Worldwide energy sector employment has topped pre-pandemic levels, and the workforce rebound has been strongest outside of fossil energy sectors, according to the International Energy Agency (IEA).
In its inaugural World Energy Employment Report, Paris-based IEA found that more than 65 million people hold energy-related jobs globally. The study also concluded that more than 50% of energy jobs are outside the fossil fuel sectors, with more than two-thirds linked to building new projects and manufacturing related technologies.
“Countries around the world are responding to the current crisis by seeking to accelerate the growth of homegrown clean energy industries,” said IEA’s Fatih Birol, executive director. “The regions that make this move will see huge growth in jobs.”
Though the oil and gas industry has experienced “an upswing in employment” since the waning of the Covid-19 pandemic, it “has yet to fully recover,” IEA researchers said. They cited new projects under development, particularly tied to liquefied natural gas infrastructure, as noteworthy drivers of oil and gas job growth.
“The energy sector is set to see its fastest employment growth in recent years in 2022, however high input costs and inflationary pressures are adding to hiring and supply chain challenges already present in some regions and subsectors, such as solar, wind, oil, and gas,” said analysts.
IEA researchers expect measures such as the Inflation Reduction Act to “continue to add to new hiring demand and to shifting the status-quo of global energy supply chains.”
Analysts also determined that about 45% of energy workers are in high-skilled occupations, compared to 25% across the economy.
“This share is even higher for jobs in research and development for new energy innovations, many of which are set to grow rapidly to 2030,” researchers said, adding that a shortage of skilled workers would prevent new technologies from being scaled up.
“Establishing market strength in these segments relies on new training and certification” and could be a focus of industry and government initiatives, they noted.
In addition, the study’s authors said that workers in fossil energy sectors hold many skills that could be transferable to emerging alternative energy sectors.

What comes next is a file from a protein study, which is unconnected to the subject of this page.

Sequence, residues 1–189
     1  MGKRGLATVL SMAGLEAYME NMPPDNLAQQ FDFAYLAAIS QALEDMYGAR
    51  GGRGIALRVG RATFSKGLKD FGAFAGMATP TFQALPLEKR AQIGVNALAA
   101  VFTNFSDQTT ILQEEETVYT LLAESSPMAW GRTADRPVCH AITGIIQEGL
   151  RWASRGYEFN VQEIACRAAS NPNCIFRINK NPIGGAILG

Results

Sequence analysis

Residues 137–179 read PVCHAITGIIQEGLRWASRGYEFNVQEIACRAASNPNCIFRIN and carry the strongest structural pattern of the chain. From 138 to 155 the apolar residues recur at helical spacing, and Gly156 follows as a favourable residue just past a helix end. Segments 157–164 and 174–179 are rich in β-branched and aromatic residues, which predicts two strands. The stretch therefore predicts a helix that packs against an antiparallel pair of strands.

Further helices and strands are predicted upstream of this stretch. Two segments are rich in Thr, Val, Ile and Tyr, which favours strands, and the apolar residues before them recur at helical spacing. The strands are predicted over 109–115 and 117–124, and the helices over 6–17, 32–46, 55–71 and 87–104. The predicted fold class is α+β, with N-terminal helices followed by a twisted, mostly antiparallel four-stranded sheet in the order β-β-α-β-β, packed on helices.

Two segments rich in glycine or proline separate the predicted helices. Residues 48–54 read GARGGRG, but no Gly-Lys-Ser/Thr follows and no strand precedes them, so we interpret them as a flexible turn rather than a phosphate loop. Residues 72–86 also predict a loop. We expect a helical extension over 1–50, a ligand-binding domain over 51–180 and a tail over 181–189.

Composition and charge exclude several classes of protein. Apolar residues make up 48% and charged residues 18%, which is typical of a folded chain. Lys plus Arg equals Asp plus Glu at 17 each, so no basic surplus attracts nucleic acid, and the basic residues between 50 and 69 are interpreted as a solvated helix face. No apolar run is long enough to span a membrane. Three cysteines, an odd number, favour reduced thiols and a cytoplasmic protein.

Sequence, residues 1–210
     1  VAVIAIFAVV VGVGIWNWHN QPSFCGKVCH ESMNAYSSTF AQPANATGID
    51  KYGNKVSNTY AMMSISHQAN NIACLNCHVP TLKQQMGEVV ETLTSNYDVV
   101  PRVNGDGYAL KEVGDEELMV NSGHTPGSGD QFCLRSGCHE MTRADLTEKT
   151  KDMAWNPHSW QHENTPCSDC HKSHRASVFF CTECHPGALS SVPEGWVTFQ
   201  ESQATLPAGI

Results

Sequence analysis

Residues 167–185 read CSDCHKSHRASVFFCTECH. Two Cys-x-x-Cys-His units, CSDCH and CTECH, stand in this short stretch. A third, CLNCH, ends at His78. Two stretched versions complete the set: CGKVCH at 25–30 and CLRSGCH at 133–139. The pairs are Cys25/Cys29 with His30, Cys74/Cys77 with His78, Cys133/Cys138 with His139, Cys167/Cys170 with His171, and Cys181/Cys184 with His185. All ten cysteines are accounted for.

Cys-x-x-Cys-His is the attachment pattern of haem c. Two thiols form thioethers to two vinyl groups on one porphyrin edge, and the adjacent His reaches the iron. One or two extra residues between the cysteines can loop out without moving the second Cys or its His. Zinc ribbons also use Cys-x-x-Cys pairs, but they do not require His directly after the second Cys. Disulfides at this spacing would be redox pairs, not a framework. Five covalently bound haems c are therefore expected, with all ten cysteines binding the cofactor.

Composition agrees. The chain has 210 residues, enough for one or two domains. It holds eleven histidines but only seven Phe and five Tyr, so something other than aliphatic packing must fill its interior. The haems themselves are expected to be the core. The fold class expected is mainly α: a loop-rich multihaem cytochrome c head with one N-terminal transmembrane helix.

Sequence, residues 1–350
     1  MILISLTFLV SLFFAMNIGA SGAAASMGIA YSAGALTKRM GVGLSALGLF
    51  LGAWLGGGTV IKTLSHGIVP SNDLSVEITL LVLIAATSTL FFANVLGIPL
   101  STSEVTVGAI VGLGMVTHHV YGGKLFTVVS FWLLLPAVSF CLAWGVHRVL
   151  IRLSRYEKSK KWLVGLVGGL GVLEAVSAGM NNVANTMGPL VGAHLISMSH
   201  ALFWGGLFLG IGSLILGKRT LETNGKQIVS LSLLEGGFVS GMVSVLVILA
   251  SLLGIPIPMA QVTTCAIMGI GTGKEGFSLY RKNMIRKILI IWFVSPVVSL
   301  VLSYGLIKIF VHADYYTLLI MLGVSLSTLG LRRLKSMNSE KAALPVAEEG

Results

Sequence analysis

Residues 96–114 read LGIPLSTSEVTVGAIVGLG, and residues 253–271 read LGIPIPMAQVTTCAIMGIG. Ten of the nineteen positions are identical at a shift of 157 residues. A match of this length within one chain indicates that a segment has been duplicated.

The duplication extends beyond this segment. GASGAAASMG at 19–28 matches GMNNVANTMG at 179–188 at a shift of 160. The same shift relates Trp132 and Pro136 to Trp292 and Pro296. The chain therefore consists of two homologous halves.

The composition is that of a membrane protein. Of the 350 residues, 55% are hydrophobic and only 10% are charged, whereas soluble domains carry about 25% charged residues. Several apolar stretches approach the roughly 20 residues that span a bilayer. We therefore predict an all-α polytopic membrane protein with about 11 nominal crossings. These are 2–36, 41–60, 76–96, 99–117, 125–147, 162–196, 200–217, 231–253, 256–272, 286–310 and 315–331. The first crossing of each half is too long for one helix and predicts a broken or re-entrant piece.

“Fossil fuels employ almost 32 million globally today,” they said. “Some companies are transferring their workers to low-carbon segments internally to retain talent, and allow for flexibility to shift workers between different business segments as needs arise.”
Singling out the coal industry’s workforce, which has “seen consistent declines since 2015,” researchers also noted that skill transferability is not always an option. They said “ensuring a just transition for affected workers is a growing focus for policy makers in many regions…”
About one-third of the energy jobs in IEA’s report cover fuel supply, including gas, oil, coal and bioenergy. The power sector – generation, transmission, distribution, and storage – accounts for another third of jobs. Energy end users, notably those in vehicle manufacturing and energy efficiency, represent the remainder.
IEA analysts found that the Asia-Pacific region is home to more than 50% of energy employment. Much of the region’s energy jobs are clustered in China, which alone accounts for 30% of the world’s energy workforce, said researchers.
“This reflects rapidly expanding energy infrastructure in the region” and cheaper labor for manufacturing hubs serving the solar, electric vehicle, and battery markets, analysts said.
They noted that every IEA scenario considered in the study showed that “clean energy employment is set to grow, outweighing declines in fossil fuel jobs.”
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